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African-American Studies

Tobin Miller Shearer, Program Director

African-American Studies at the University of Montana connects African and African-American (including Latin America and the Caribbean) history, experiences, and perspectives with the 21st century. The goal of the African-American Studies curriculum is to develop basic knowledge of, and appreciation for, the diverse experiences of the African Diaspora, and their contributions to the nations into which they were incorporated. Through this study students will recognize that the African-American narrative connects to the core issues of nation formation, identity politics, social movements, and the liberal state.  Those who take this minor will likewise be equipped to talk alongside, through, and in the midst of the racial fracture lines that mark this nation as a country where the color of one's skin is socially significant. In all these efforts, we promote scholarship that is driven first and foremost by an interest in creating knowledge and furthering our understanding of the African-American experience.  The interdisciplinary curriculum of African-American Studies includes course offerings from the following academic disciplines: anthropology, economics, English, geography, history, music, political science, and sociology.  Some topics of study include: African heritage and cultural continuity among African-Americans; African-American identity issues and cultural variation; the history of African-American protest and resistance, including the abolitionist, anti-lynching, and civil rights movements; the Harlem Renaissance; the social dynamics of integration and segregation; and the various circumstances of, and prospects for, African Americans in the 21st century.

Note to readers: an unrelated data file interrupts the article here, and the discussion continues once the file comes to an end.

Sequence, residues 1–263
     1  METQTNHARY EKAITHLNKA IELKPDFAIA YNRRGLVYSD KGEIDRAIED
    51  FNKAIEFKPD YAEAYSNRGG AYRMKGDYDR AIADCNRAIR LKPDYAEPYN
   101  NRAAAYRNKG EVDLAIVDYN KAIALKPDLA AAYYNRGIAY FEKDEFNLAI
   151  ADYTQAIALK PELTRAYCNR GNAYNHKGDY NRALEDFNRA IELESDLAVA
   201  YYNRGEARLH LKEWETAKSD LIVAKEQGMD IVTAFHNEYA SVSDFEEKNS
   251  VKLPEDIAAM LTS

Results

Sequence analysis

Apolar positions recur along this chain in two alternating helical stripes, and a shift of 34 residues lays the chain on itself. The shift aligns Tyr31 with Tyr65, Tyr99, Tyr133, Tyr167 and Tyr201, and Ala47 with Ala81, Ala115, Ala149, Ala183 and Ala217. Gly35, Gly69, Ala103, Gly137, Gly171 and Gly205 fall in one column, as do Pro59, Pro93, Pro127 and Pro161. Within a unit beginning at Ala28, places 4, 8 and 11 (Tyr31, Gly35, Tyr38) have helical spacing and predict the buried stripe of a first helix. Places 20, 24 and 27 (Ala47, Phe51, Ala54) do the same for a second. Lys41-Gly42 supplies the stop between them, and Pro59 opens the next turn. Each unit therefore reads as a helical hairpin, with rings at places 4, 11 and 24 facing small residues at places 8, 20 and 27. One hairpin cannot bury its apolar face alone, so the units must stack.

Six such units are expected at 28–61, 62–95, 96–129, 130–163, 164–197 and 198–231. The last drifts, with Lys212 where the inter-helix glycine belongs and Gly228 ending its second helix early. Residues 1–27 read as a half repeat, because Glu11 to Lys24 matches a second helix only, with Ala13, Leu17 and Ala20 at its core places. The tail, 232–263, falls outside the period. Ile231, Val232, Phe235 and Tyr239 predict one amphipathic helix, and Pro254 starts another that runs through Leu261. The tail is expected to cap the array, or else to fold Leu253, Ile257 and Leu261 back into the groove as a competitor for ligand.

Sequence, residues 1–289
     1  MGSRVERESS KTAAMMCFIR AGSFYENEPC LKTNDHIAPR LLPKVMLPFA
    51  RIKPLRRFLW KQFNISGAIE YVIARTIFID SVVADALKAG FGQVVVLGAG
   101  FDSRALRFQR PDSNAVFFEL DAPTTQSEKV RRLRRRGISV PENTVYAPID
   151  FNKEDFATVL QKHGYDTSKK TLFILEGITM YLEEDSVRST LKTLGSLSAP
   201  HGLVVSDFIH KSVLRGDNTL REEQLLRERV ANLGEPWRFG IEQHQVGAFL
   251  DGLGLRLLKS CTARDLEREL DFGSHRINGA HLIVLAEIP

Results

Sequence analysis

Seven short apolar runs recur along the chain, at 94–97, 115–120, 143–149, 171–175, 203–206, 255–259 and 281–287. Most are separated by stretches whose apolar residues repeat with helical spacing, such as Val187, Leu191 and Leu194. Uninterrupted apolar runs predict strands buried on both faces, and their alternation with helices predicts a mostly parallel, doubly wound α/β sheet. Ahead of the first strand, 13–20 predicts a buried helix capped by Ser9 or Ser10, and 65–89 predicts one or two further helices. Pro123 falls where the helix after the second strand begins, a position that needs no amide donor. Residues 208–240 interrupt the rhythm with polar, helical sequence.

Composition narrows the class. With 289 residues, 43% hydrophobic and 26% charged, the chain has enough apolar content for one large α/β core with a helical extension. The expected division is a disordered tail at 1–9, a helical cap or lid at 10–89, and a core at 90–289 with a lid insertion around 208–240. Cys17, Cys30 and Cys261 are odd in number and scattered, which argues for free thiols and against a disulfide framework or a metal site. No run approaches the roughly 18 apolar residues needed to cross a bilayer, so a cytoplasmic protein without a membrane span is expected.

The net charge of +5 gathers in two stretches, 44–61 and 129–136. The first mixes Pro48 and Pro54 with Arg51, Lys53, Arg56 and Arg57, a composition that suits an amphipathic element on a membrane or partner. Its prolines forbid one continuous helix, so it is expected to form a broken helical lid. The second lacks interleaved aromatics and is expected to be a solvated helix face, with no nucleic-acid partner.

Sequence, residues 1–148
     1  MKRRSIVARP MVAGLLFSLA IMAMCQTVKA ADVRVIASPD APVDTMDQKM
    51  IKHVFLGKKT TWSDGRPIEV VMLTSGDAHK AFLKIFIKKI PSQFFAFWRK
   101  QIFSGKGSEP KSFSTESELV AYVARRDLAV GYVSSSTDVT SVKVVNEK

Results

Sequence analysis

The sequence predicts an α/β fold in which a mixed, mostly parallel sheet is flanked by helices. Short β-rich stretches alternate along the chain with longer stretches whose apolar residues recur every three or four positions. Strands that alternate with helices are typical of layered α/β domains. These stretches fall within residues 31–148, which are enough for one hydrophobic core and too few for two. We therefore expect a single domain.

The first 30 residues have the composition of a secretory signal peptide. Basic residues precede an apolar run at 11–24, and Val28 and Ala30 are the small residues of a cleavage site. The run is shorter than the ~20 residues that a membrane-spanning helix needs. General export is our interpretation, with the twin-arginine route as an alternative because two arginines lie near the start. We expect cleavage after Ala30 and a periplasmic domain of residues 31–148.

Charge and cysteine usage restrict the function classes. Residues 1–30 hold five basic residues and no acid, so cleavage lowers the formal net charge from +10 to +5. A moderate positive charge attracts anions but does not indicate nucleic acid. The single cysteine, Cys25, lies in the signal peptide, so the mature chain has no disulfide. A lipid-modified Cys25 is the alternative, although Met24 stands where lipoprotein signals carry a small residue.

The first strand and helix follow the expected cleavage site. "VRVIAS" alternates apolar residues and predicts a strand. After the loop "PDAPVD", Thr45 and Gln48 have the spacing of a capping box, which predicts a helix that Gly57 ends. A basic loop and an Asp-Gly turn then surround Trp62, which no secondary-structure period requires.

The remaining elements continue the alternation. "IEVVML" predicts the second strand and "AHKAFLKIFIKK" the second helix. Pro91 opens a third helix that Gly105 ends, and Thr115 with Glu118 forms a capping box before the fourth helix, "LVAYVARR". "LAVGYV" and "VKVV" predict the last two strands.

Requirements for a Minor

The African-American studies minor is an interdisciplinary program requiring twenty-four (24) credits drawn from a combination of disciplines-history, anthropology, English, sociology, geography, economics, and political science.

  1. African-American Core Courses 
    9 credits required from the following: 
    • AAS/HSTA 141H Introduction to African-American Studies
    • AAS/HSTA 342H African-American History to 1865
    • AAS/HSTA 343H African-American History Since 1865

    6 credits required from the following electives, 3 of which must be in an upper division course (i.e. 300 or 400 level):

    •      AAS 191 Special Topics
    •      AAS Discovering Africa
    •      AAS 260 African Americans and Native Americans
    •      AAS/HSTA 262 Abolitionism: The First Civil Rights Movement
    •      AAS 291 Special Topics
    •      HSTA 327 The Rise and Fall of Atlantic World Slavery
    •      AAS 372 African-American Identity
    •      HSTA 347 African-American Religious Experience: Voodoo, Muslim, Church
    •      AAS 391 Special Topics
    •      AAS/HSTA 415 The Black Radical Tradition
    •      AAS/HSTA 417 Prayer and Civil Rights
    •      HSTA 420 America Divided, 1848-1865
    •      AAS 491 Special Topics
  2. Electives